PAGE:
KAMPALA, A new survey by the non-profit human development organization FHI360 indicates that contrary to common belief, some Ugandan women are actually okay with their men seeing other sexual partners - as long as the men still provide for the family and don't contract sexually transmitted diseases, including HIV and infect them.

A total of 4017 men and women from selected 16 districts across the country were asked whether or not a man "must have sex with other women even if things with his wife are fine." Three in every 10 women agreed it was okay, same number as men - three in every 10.

The 2015/16 survey, which sought to determine violence, especially that meted against women in rural and urban Uganda, did not include whether or not a woman must have sex with other men, even if relationships with her hubby were fine.

But it included whether or not it was okay for a man to hit a woman if she cheated on him. And five in every 10 women agreed that it was okay, compared to six in every 10 men who backed the social construction.

Two in every 10 women agreed it was okay for a man to hit his wife if she denied him sex, also same figure as men - two in every 10.

Presenting the research findings at a gender-based-violence symposium at the Uganda National Council for Science at Technology offices in Kampala, researcher Leonard Bufumbo said the particular revelation (three in every 10 women were okay with 'cheating' men) was absurd and anti-efforts to "elevate women and the girl child to where they ought to be."

"It is shocking. But we need to also understand the reasons some women (say it is okay)," the researcher said.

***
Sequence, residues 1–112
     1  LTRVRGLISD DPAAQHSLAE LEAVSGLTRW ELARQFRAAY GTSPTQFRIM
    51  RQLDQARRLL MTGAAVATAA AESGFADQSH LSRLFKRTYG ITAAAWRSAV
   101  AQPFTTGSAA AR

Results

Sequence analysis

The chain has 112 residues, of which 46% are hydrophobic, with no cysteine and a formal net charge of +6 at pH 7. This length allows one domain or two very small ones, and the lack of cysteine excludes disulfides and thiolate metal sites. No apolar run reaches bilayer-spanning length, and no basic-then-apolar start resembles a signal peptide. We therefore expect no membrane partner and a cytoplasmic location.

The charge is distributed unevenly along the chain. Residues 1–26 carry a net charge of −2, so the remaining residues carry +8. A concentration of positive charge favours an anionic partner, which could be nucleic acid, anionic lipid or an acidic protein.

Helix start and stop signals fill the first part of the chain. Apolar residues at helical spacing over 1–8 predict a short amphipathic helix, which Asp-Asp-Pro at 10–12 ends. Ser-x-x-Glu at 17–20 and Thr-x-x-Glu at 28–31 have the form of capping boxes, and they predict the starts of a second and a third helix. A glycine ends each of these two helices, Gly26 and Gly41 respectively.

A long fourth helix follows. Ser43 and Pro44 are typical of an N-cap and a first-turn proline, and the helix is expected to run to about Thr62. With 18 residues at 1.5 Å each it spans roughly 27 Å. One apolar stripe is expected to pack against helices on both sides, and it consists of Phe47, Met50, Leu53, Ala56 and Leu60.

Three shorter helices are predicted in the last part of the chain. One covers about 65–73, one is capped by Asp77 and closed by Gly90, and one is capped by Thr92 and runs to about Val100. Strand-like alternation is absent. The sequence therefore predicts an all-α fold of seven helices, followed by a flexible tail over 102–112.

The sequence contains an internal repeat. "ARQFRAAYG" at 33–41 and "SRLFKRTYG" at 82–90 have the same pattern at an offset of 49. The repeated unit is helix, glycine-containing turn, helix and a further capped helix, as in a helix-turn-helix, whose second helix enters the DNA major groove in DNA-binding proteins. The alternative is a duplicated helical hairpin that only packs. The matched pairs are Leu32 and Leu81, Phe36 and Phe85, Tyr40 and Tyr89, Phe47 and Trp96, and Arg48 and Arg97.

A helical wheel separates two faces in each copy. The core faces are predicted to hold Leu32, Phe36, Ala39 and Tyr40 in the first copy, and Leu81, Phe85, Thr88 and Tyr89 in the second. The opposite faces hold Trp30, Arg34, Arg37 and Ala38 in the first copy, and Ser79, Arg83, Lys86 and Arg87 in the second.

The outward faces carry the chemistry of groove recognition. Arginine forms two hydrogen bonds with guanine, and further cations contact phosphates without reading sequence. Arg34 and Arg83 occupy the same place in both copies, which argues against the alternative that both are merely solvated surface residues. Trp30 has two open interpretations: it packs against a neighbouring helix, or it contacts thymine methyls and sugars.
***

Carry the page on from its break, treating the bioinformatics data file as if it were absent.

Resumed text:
On top of three in every 10 women agreeing that it is okay for men to have extramarital affairs, another three in every 10 women also consented to the injustice that "there are times when a woman deserves to be beaten."

Four in every 10 men gave a thumbs-up to women battering.

Six in every 10 women agreed a woman should "tolerate violence" to keep her family together. The same number of men - six in every 10 also approved of the attitude.

Associate Professor at the School of Women and Gender Studies at Makerere University and Executive Director Centre for basic Research Dr. Josephine Ahikire said the survey findings were surprising but not much and blamed the attitudes on the "oppressive society" the women live in.

She said "people who are oppressed get accustomed to this behaviour and it starts being normal and they accept it."

"We have a bad culture that indoctrinates women to be submissive. Otherwise, why would a woman not mind sharing her husband? The tradition and some faiths which are so male dominated are not doing women any favour," feminist Alice Kyomuhendo said.

Joanita Kawalya, a national AIDS research committee member, said social biases needed to change to empower to develop right attitudes and make right decisions."

"This shows there is something wrong with our communities and our attitudes towards women have to be righted," she said.

The UNCST okays all research conducted in the country.

A lot has been talked about men also being victims of gender based violence, but it is still women who suffer the most brunt of the injustice.

Veronica Nakijoba, also from the School of Women and Gender Studies at Makerere University, said the GBV had outgrown homesteads and now was also evident at schools, with male teachers abusing female colleagues and vice versa and girl children suffering the most.

"Some boys peep into girl's bags and laugh at them when they are carrying sanitary pads. They peep into their toilets and start making fun of the girls," she said.

"This contributes to the high school drop-out rates among the girls," she said.

Dr. Sam Okware said lots of the causes of GBV were hidden away in the bedroom and couldn't be seen. But GBV is a hindrance to the positive social economic transformation of Uganda that the country so badly craves.




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